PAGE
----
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Convert a Next.js site to a markdown blog

A step-by-step guide to adding a markdown blog to an existing Next.js site.

Noah MatsellDecember 27, 2022
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A Markdown-based blog makes writing and publishing content a breeze.

Markdown is a powerful, lightweight markup language that allows you to write structured content using plain text. With Markdown, you can easily format your text and add rich formatting to your blog posts, without the need for complex HTML tags.

If you have a Next.js site and are looking for a better way to write and manage blog content online, Markdown is a tool that merits strong consideration.

Here are the 3 steps you can take to migrate an existing Next.js website to a site that includes a Markdown blog.

The Migration Steps

1. Markdown posts setup

  • Create blog directory at the root of your project.
    • This is where you will write and store your md blog posts.
  • Create a sample post blog/
    • Here's an example .md file with some frontmatter metadata
      title: 'Writing Effective Readmes'
      author: 'Noah Matsell'
      description: 'How to write an effective Readme for your project repository.'
      coverImgUrl: 'images/22-09-2021.jpg'
      date: '2021-09-22'
        - dev tips
      # Introduction
      Text content
  • In your project types folder, create a blog.ts file for your post metadata types. These will represent the frontmatter metadata parsed by your app and are useful when handling blog post data within your React components.
  // types/blog.ts
  export interface Post {
    title: string;
    description: string;
    author: string;
    coverImgUrl: string;
    date: string;
    categories: Category[];
    content: string;
    slug?: string;

2. API Setup

  • Install gray-matter via npm or yarn. - This package is used to parse your md blog post metadata from a string or file.
  • Create a lib/api.ts file to handle getting posts and their contents.
    • Create a getPostSlugs function. This generates an array of slugs from the md files contained within the new blog folder.
    // lib/api.ts
    const postsDirectory = join(process.cwd(), "blog");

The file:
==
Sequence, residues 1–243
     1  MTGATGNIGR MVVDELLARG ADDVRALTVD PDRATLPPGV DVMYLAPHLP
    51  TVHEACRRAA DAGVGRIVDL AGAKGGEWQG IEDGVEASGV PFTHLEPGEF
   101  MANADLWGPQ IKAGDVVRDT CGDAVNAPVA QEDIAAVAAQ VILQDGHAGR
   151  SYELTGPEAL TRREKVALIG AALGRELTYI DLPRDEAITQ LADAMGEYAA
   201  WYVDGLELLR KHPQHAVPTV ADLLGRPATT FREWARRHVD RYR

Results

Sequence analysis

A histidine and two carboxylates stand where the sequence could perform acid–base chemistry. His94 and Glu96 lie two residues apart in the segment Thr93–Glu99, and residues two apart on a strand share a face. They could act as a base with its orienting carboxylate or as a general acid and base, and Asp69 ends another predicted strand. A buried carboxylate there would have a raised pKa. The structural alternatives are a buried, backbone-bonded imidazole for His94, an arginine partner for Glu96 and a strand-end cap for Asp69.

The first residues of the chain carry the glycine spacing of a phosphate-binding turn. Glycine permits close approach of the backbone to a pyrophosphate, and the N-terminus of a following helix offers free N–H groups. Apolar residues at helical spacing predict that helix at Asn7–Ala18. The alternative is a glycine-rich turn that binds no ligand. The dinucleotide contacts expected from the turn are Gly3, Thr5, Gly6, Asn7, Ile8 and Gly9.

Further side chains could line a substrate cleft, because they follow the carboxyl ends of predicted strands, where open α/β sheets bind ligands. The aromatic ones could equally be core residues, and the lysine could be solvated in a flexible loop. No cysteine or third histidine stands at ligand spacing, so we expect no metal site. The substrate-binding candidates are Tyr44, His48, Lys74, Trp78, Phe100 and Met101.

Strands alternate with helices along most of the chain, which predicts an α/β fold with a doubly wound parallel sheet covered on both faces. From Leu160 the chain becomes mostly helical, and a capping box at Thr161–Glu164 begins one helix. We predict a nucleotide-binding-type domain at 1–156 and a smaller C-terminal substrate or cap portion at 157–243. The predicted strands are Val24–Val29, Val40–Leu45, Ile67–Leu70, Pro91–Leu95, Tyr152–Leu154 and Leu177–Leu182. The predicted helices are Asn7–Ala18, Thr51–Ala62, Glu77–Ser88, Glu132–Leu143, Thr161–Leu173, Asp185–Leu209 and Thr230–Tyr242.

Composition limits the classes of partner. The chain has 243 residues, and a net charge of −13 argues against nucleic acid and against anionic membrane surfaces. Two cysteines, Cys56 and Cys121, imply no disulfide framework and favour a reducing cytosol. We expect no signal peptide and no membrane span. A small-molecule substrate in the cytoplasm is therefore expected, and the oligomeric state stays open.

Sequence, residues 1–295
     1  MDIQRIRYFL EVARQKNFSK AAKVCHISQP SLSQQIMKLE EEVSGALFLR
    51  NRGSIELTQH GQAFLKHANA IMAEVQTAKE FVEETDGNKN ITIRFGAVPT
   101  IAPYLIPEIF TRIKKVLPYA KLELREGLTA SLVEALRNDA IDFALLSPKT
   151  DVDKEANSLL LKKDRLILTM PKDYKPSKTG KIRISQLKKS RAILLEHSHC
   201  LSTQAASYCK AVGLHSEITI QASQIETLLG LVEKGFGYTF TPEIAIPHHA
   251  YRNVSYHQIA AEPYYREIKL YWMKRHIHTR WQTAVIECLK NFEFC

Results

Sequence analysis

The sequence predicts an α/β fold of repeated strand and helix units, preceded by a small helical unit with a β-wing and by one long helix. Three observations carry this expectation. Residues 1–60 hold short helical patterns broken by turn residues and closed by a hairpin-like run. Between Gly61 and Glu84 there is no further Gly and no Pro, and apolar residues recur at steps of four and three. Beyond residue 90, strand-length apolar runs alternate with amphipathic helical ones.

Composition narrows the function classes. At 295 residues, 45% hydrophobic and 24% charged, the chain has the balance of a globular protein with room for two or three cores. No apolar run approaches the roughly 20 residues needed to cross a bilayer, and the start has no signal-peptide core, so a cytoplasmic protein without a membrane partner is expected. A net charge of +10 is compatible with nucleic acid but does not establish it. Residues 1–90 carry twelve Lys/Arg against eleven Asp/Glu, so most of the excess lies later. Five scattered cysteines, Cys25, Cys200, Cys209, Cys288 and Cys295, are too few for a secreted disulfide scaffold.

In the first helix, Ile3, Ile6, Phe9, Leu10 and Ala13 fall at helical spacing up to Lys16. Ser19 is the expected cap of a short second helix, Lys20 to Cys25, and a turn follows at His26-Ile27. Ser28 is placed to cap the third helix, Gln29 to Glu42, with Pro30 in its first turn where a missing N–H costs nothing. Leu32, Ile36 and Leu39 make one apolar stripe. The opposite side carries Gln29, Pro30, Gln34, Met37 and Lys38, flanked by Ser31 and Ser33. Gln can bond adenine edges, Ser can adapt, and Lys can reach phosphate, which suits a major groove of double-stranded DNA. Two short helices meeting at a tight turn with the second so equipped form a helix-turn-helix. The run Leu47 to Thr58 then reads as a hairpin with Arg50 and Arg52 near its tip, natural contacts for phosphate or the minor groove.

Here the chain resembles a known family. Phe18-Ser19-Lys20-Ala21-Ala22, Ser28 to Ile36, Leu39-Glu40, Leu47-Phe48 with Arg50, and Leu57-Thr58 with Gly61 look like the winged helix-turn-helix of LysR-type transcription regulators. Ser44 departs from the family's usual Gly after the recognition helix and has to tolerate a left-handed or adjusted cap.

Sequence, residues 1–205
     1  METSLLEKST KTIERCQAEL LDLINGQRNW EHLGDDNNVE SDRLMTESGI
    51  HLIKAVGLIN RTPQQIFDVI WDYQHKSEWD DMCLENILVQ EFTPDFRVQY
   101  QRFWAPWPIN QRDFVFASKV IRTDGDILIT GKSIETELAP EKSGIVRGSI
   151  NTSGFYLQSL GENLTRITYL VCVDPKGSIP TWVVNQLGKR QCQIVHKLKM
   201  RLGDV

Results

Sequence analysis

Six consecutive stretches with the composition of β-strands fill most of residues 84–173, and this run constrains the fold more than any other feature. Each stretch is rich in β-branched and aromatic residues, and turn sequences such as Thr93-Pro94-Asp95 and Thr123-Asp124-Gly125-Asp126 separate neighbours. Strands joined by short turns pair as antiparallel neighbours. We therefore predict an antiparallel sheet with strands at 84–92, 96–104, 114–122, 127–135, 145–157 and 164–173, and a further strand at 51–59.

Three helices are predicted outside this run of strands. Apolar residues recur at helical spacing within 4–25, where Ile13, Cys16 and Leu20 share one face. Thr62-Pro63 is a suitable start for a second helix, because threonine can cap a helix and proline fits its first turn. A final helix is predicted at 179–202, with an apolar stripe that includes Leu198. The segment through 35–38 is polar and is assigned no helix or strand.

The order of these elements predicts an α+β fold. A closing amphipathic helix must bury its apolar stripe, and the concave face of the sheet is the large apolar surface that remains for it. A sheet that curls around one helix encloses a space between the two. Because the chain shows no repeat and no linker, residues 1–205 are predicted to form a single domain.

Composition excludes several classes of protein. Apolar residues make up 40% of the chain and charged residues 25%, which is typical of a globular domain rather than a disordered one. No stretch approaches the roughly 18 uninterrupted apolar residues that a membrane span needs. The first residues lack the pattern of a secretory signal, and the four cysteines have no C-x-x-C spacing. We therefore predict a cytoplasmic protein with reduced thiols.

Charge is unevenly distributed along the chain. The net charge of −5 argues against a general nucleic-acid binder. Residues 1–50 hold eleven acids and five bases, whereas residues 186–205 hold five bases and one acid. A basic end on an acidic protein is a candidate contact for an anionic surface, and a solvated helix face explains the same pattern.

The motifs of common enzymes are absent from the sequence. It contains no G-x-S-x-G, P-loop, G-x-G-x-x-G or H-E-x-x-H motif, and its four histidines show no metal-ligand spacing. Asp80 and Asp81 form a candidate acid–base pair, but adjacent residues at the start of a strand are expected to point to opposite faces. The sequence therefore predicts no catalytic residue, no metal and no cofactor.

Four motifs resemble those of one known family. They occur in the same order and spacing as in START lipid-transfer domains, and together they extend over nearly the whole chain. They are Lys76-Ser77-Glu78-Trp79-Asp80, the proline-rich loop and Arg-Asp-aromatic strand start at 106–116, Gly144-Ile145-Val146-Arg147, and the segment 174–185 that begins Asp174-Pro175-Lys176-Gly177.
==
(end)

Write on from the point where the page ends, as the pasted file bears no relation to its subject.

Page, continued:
export function getPostSlugs() {
      return fs.readdirSync(postsDirectory);
    • Create a getPostBySlug function. This builds up, parses, and returns post data for a given slug and set of fields.
    // lib/api.ts
    export function getPostBySlug(slug: string, fields: (keyof Post)[] = []) {
      const realSlug = slug.replace(/\.md$/, "");
      const fullPath = join(postsDirectory, `${realSlug}.md`);
      const fileContents = fs.readFileSync(fullPath, "utf8");
      const { data, content } = matter(fileContents);
      const postData: Partial<Post> = {};
      // Ensure only the minimal needed data is exposed
      fields.forEach((field) => {
        // set slug to real slug
        if (field === "slug") {
          postData[field] = realSlug;
        // set content to parsed gray matter content
        if (field === "content") {
          postData[field] = content;
        // set other properties 1:1 if they exist
        if (typeof data[field] !== "undefined") {
          postData[field] = data[field];
        // add [draft] tag to unpublished posts in development
        if (
          process.env.NODE_ENV === "development" &&
          field === "title" &&
          data["title"] &&
        ) {
          postData[field] = data[field] + " [draft]";
      return postData;
    • Create a getAllPosts function. This gets all existing posts and their post data for a given set of fields.
    // lib/api.ts
    export function getAllPosts(fields: (keyof Post)[] = []) {
      const slugs = getPostSlugs();
      const posts = slugs
        .map((slug) => getPostBySlug(slug, fields))
        // Sort posts by date in descending order
        .sort((post1, post2) => {
          return (post1.publishDate || "0") > (post2.publishDate || "0") ? -1 : 1;
      // Filter out unpublished posts in production
      if (process.env.NODE_ENV === "production") {